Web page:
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Afghan Taliban threaten to attack 'sham' poll 'manipulated by U.S.'

Afghan Taliban vow to disrupt what they consider elections manipulated by the United States. (Wikimedia.org)
Afghan Taliban vow to disrupt what they consider elections manipulated by the United States. (Wikimedia.org)

By Hamid Shalizi

KABUL (Reuters) - The Afghan Taliban said on Monday next month's presidential election was being manipulated by the United States, which had already chosen the winner, and threatened to use "full force" in attacking anyone taking part.

Two campaign workers have already been killed and at least one presidential candidate has been assaulted during campaigning for the April 5 poll, the first democratic transition of power in the country's history.

The Taliban said the proceedings were being stage-managed by the United States.

"The people should realize that the election will bear no result because the real elections have taken place in CIA and Pentagon offices and their favorite candidate has already been chosen," the Taliban said in a statement.

"...All fighters are given orders to disrupt this sham elections by full force and bring under attacks election workers, activists, volunteers and those providing security everywhere. If someone takes part in this (election), they will be responsible for the bad consequences themselves."

Dozens of Afghan security forces and civilians were killed on the day of the 2009 presidential election, which saw the return of incumbent Hamid Karzai to power. He is barred from running for a third term.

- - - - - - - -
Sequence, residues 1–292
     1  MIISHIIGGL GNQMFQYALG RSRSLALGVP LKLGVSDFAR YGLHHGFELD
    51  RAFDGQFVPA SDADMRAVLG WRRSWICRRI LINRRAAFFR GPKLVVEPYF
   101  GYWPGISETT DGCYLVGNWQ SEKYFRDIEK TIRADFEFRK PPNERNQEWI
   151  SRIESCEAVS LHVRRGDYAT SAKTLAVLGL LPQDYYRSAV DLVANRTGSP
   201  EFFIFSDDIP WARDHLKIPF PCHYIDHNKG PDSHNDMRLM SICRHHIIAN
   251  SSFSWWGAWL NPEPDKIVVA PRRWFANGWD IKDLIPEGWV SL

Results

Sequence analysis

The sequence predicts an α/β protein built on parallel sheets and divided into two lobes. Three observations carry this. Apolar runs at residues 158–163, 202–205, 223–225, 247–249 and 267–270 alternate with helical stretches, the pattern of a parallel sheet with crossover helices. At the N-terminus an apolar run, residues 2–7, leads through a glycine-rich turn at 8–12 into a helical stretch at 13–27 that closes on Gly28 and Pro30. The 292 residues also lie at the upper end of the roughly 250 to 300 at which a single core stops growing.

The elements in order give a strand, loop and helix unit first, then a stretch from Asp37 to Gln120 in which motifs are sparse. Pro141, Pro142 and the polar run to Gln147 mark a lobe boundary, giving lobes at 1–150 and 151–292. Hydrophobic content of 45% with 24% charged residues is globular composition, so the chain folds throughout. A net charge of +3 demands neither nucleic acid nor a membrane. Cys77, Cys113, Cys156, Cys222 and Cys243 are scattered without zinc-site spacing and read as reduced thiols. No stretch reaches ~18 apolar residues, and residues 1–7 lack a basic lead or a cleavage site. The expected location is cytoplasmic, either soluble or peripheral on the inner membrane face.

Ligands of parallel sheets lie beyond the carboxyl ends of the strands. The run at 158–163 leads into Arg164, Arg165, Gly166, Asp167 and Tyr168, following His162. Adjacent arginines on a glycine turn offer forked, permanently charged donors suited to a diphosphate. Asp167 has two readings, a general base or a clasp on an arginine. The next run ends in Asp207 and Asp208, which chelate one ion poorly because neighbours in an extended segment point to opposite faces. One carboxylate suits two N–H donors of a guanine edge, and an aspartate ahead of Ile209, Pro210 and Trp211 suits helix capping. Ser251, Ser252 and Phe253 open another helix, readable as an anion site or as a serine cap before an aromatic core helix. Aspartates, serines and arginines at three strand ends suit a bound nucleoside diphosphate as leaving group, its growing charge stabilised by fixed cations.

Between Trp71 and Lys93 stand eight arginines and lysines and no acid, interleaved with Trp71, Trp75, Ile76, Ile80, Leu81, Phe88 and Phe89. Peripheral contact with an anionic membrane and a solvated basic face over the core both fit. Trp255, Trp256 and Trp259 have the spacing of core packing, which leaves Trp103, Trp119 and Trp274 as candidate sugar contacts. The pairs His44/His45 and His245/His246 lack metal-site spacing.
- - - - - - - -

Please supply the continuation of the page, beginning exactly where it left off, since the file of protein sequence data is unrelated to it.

The vote is taking place against the background of a stagnant economy and concerns over Afghanistan's long-term security.

NATO is due to withdraw its troops by the end of the year, but a small continent of U.S. troops may remain behind to help with training, logistics, medical and air support if the next government signs a deal to let them stay.

Karzai has so far refused to sign the deal, putting billions of dollars in aid to the Afghan security forces at risk and raising doubts over the long-term ability of the military to co-ordinate the fight against the Taliban.

Government security forces were not immediately available to comment on the Taliban threat, but have hired thousands of Afghans to work as security guards at the polls and search voters for bombs or weapons.

Karzai's brother registered as a candidate, but recently announced that he would support another Karzai ally, former foreign minister Zalmay Rassoul, in the vote.

His main rivals are considered to be Abdullah Abdullah, a former aide to Afghanistan's most famous anti-Taliban militia leader, and former finance minister Ashraf Ghani.

But campaigning was interrupted after the government declared three days of national mourning following the death of Vice President Marshal Mohammad Qasim Fahim on Sunday from natural causes.

(Writing by Katharine Houreld; Editing by Nick Macfie)

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